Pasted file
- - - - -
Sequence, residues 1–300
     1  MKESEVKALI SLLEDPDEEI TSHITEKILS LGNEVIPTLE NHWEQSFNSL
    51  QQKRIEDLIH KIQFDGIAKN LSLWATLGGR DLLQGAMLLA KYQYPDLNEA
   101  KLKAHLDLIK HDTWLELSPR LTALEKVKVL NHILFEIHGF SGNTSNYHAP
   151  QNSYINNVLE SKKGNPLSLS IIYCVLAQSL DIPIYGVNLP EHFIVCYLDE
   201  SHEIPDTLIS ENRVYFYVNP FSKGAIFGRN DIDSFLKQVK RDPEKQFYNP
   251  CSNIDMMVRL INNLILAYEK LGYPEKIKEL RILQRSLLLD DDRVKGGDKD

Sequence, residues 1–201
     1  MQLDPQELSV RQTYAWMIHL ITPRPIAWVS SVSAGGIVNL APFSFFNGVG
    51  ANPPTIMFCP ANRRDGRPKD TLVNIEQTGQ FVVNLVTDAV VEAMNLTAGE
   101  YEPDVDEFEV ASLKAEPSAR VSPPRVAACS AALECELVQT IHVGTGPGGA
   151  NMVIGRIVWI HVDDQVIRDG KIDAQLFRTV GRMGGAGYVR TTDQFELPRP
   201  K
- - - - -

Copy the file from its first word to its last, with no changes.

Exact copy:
Sequence, residues 1–300
     1  MKESEVKALI SLLEDPDEEI TSHITEKILS LGNEVIPTLE NHWEQSFNSL
    51  QQKRIEDLIH KIQFDGIAKN LSLWATLGGR DLLQGAMLLA KYQYPDLNEA
   101  KLKAHLDLIK HDTWLELSPR LTALEKVKVL NHILFEIHGF SGNTSNYHAP
   151  QNSYINNVLE SKKGNPLSLS IIYCVLAQSL DIPIYGVNLP EHFIVCYLDE
   201  SHEIPDTLIS ENRVYFYVNP FSKGAIFGRN DIDSFLKQVK RDPEKQFYNP
   251  CSNIDMMVRL INNLILAYEK LGYPEKIKEL RILQRSLLLD DDRVKGGDKD

Sequence, residues 1–201
     1  MQLDPQELSV RQTYAWMIHL ITPRPIAWVS SVSAGGIVNL APFSFFNGVG
    51  ANPPTIMFCP ANRRDGRPKD TLVNIEQTGQ FVVNLVTDAV VEAMNLTAGE
   101  YEPDVDEFEV ASLKAEPSAR VSPPRVAACS AALECELVQT IHVGTGPGGA
   151  NMVIGRIVWI HVDDQVIRDG KIDAQLFRTV GRMGGAGYVR TTDQFELPRP
   201  K